Project description

The fight against infectious diseases is one of the greatest public health challenges, especially with the emergence of pan-drug resistant carbapenemase-producing Gram-negative bacteria. In particular, the pandemic NDM-1 and other plasmid-borne metallo-β-lactamases (MBLs) disseminating worldwide in Gram-negative organisms threaten to take medicine back to the pre-antibiotic era as the treatment options remaining for infections caused by these “superbugs” are very limited.

The aim of the present proposal is to combine complementary approaches (microbiology, biochemistry, structural biology, molecular modelling and chemical synthesis) to gain vital insights into structure-function relationship of MBLs, in order to better understand substrate specificities, to determine key residues involved in carbapenem recognition and hydrolysis, to foresee the impact of mutations on the hydrolysis profile, and finally to develop an efficient MBL pan-inhibitor.

In-depth biochemical characterization of broad-profile MBLs and co-crystallization of these enzymes with various ligands will provide crucial information for the development of efficient inhibitors that could serve as leads in drug discovery. Site-directed mutagenesis will be used to confirm the role of key amino-acid residues in the active sites of the enzymes. With the increasing prevalence of MBLs, new variants will be described, with likely modified hydrolysis properties, which will provide further information on the role of different active site residues. Recently, a novel MBL inhibitor capable of efficiently inhibiting NDM-1 (sub-micromolar IC50) was identified by Partners 1 and 3, using a combined approach of docking and pharmacophore-based virtual screening of focused ligand libraries. We will take advantage of this discovery and use two strategies to obtain an MBL pan-inhibitor: i) structure- and function-guided optimization of the previously identified inhibitor in order to ensure efficient inhibition of most or all MBLs, using the data gathered during this project; ii) identification of new pan-inhibitors of MBLs using a consensus pharmacophore common to all clinically-relevant MBLs.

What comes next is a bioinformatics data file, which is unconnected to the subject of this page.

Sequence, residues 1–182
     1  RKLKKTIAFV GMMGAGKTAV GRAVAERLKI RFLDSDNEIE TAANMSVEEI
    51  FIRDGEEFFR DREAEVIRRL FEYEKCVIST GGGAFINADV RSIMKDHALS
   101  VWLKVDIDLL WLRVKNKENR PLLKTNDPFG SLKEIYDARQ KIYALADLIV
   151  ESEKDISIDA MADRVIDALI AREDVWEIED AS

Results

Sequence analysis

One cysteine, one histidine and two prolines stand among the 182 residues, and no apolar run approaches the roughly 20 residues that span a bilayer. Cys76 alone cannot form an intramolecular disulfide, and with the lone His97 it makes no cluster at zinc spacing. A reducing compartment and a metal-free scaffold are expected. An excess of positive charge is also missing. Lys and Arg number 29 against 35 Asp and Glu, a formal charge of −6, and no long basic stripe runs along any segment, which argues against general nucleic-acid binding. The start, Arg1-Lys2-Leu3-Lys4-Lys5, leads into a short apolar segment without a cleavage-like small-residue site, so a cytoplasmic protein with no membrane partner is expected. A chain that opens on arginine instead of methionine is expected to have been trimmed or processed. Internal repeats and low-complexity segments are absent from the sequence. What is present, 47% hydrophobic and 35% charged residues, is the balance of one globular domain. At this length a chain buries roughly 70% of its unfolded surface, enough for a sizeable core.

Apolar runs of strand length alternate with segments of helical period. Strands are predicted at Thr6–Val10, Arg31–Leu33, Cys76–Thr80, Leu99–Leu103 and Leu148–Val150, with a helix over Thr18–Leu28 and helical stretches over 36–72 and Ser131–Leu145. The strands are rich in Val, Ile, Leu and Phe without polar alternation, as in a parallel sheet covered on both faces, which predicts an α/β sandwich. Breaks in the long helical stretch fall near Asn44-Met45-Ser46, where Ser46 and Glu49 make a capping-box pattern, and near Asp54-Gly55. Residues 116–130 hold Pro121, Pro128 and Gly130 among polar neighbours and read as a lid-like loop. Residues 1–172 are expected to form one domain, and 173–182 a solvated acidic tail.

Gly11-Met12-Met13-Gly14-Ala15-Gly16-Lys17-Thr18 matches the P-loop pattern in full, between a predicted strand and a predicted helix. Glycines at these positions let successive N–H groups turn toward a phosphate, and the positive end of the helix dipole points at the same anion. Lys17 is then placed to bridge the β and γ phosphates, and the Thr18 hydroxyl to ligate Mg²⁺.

Our results will advance the development of pan-inhibitors of MBLs that, used in combination with β-lactams, will protect the β-lactam antibiotics from degradation by these MBLs.